By Kenneth Kessner
The slow Saturn V parade continues at the U.S. Space & Rocket Center, where the first stage of the historic rocket to the moon can already be seen under the roof of its new home.
The area's badly needed rainfall has so far not delayed the "Rocket Roll," said CEO Larry Capps during a meeting of the Alabama Space Science and Exhibit Commission Wednesday afternoon.
The restored rocket's stages were launched aboard multi-wheeled trailers with great fanfare Tuesday, and are expected to rendezvous Friday in the shell of the under-construction, $22.5 million Davidson Saturn V Center, in time for the annual Saturn/Apollo reunion and dinner beginning at 5 p.m.
Whether spurred by the Rocket Roll, the summerlong celebration of the 25th anniversary of Space Camp, or for some other reason, interest in this year's gathering of astronauts and engineers who worked in the original moon programs has grown to the point that the center was forced to print more tickets, Capps said. More than 700 plan to attend the reunion.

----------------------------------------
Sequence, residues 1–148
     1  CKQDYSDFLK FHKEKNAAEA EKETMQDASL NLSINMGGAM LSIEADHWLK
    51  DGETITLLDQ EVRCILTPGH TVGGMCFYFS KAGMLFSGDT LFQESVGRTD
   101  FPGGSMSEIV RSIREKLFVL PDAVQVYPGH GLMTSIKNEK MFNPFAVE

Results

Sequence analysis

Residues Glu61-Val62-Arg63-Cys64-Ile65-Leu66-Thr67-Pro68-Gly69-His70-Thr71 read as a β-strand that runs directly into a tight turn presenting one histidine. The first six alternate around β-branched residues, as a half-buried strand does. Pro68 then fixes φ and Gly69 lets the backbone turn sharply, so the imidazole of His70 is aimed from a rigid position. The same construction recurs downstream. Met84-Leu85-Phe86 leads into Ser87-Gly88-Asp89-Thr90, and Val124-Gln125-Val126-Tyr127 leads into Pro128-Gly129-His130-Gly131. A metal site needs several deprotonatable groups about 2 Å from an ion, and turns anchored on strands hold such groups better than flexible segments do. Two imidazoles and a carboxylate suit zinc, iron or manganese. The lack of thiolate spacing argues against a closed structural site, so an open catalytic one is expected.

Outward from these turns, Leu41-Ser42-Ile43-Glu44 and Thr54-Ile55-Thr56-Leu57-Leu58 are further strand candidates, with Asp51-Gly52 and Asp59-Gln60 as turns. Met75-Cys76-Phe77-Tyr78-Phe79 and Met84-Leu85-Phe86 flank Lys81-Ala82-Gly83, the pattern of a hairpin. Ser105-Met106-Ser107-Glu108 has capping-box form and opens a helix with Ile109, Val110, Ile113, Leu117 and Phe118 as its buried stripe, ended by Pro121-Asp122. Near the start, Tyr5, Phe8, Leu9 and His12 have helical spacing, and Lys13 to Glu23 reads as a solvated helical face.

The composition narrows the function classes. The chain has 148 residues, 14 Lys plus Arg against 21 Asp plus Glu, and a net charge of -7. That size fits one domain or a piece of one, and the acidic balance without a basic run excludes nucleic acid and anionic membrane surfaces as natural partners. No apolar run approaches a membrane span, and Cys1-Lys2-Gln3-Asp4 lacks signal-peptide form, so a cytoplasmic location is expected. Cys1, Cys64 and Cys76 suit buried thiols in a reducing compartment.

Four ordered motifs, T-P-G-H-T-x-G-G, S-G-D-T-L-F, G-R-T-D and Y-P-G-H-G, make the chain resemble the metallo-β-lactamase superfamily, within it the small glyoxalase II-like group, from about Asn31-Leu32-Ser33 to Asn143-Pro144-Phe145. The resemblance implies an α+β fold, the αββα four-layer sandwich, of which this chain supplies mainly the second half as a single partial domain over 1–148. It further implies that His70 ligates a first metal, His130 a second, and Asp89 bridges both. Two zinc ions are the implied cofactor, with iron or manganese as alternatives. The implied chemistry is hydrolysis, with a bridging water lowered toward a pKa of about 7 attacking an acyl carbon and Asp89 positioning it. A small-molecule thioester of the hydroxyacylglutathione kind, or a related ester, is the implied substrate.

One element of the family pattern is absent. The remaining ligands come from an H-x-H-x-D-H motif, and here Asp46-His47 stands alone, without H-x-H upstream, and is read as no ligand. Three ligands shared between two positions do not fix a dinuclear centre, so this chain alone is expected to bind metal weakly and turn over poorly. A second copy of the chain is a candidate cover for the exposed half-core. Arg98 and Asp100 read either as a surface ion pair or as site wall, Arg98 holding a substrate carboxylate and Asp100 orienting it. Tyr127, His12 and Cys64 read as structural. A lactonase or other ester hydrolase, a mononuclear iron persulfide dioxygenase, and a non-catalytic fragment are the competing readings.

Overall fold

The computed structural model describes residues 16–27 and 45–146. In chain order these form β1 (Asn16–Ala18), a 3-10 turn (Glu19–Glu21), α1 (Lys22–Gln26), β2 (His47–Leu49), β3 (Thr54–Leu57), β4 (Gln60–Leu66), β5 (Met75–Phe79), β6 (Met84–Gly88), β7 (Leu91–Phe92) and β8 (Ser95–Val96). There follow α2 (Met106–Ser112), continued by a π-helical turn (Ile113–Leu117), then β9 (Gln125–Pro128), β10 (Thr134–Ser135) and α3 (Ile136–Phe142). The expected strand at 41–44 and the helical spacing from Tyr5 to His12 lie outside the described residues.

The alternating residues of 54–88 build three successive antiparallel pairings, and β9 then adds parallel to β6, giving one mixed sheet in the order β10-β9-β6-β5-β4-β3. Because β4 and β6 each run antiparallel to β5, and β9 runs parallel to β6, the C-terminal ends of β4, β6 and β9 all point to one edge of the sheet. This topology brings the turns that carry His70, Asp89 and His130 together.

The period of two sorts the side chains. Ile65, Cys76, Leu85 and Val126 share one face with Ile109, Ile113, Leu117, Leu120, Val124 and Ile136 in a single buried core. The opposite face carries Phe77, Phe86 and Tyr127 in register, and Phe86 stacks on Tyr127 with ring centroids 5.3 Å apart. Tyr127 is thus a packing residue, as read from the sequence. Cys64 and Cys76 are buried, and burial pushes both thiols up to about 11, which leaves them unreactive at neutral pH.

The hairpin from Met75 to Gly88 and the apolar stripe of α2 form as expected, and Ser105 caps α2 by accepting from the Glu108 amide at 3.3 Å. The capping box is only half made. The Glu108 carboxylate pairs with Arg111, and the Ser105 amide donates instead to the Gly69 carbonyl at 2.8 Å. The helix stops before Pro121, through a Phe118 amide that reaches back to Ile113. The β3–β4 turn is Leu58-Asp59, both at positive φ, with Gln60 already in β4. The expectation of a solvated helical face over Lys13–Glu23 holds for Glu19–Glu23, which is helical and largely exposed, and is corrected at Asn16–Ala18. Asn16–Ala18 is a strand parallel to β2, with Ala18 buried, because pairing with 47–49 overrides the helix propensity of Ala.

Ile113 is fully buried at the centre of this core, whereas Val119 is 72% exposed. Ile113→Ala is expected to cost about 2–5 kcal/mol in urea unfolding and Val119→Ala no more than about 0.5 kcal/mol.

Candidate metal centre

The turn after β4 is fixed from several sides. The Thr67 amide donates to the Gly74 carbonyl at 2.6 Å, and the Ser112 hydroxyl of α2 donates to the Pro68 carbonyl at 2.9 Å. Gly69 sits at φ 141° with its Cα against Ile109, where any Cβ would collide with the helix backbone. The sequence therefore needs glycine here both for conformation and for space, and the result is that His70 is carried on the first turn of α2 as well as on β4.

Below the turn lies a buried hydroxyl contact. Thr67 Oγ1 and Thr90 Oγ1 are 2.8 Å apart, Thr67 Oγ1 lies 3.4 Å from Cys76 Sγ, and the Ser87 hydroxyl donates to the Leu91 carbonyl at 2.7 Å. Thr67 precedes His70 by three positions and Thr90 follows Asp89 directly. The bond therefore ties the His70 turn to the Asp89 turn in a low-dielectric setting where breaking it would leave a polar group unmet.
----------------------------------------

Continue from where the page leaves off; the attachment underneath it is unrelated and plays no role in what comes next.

"This is the fourth one, and it's getting better and better every year, more attendees every year," he said.
Commissioners learned the center is included in a couple of funding bills moving through Congress. Another $259,000 toward a system of trams that can carry visitors to and from the new Saturn V visitors and transportation building is part of a bill approved this week by a Senate subcommittee and is headed for the full Appropriations Committee, according to a statement from U.S. Sen. Richard Shelby, R-Tuscaloosa.
And $500,000 for Space Center museum improvements is in another bill that was sent to the Appropriations Committee at the end of June, Shelby said.